Ok
Distance from LDR to filament bulb (x) in cm: Resistance in kohms (y)
1. 2-------------------------------43.3
2. 4-------------------------------45.6
3. 6-------------------------------53.0
4. 8-------------------------------60.2
5. 10------------------------------69.1
6. 12------------------------------82.3
7. 14------------------------------96.1
8. 16-----------------------------107.0
9. 18-----------------------------116.1
10. 20-----------------------------125.7
I'm thinking I need to to the inverse 1/[x[2] for all x values and then plot the graph then find the gradient which should be the value k in the equation, and then see if my results add up to the constant, k.

Last edited:
supersub said:
Ok
Distance from LDR to filament bulb (x) in cm: Resistance in kohms (y)
1. 2-------------------------------43.3
2. 4-------------------------------45.6
3. 6-------------------------------53.0
4. 8-------------------------------60.2
5. 10------------------------------69.1
6. 12------------------------------82.3
7. 14------------------------------96.1
8. 16-----------------------------107.0
9. 18-----------------------------116.1
10. 20-----------------------------125.7
I'm thinking I need to to the inverse 1/[x[2] for all x values and then plot the graph then find the gradient which should be the value k in the equation, and then see if my results add up to the constant, k.

The straight line portion looks good.
Perhaps the results, for the smallest values of x, should be ignored.
The inverse square law relates to "point" sources, so maybe for the smallest values
of x the results are being skewed by an "extended" source.

## 1. What is the inverse square law of light radiation?

The inverse square law of light radiation states that the intensity of light decreases in proportion to the square of the distance from the source. This means that if the distance from the light source is doubled, the intensity of light will decrease by a factor of four.

## 2. Why is it important to investigate the inverse square law of light radiation?

Understanding the inverse square law of light radiation is crucial in various fields such as astronomy, photography, and radiation therapy. It helps us to determine the distance of a light source, calculate exposure times in photography, and ensure safe radiation levels in medical treatments.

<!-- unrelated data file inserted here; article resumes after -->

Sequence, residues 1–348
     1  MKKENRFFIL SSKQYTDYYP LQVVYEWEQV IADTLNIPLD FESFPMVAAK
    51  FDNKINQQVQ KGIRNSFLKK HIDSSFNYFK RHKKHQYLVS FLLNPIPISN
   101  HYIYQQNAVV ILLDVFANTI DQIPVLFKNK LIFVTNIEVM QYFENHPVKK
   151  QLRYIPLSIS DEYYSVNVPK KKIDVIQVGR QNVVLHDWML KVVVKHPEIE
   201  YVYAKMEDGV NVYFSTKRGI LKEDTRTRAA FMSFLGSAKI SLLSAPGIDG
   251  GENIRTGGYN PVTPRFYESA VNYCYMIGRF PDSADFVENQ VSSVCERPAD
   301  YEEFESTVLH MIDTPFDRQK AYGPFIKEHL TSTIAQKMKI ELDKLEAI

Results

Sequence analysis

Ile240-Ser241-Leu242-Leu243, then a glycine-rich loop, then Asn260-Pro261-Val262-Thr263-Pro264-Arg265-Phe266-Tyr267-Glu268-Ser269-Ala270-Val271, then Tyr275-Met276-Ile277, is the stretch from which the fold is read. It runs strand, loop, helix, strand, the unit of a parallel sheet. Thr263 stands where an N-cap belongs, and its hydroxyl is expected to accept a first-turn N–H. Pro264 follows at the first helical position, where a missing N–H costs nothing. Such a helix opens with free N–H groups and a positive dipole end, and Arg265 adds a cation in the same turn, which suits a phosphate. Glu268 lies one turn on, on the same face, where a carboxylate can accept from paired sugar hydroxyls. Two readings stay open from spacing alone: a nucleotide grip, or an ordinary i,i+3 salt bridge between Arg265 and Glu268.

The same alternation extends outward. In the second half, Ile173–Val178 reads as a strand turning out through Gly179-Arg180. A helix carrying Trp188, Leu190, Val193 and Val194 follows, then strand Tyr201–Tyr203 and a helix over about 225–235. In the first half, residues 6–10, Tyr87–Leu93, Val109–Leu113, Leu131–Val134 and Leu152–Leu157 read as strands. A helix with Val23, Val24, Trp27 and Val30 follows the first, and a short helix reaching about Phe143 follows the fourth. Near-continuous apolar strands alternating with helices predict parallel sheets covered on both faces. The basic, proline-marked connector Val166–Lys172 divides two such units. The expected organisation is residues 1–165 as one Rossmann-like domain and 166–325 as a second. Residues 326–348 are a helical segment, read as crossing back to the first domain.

## 3. How can the inverse square law of light radiation be demonstrated in an experiment?

To demonstrate the inverse square law, a light source and a detector should be set up at a fixed distance. The intensity of light is measured at this distance and then the distance between the source and detector is doubled. The intensity of light is measured again, and it should be four times weaker than the first reading, confirming the inverse square relationship.

## 4. What factors can affect the accuracy of an investigation into the inverse square law of light radiation?

Some factors that can affect the accuracy of an investigation include the precision of the measuring instruments, the environment in which the experiment is conducted, and the presence of other sources of light. It is important to control these variables to obtain reliable results.

## 5. How does the inverse square law of light radiation relate to other physical laws?

The inverse square law is a fundamental law in physics and has applications in other areas such as gravity and electromagnetism. It is also related to the concept of energy conservation, as the total energy emitted by a light source remains constant even as it spreads out over a larger area due to the inverse square relationship.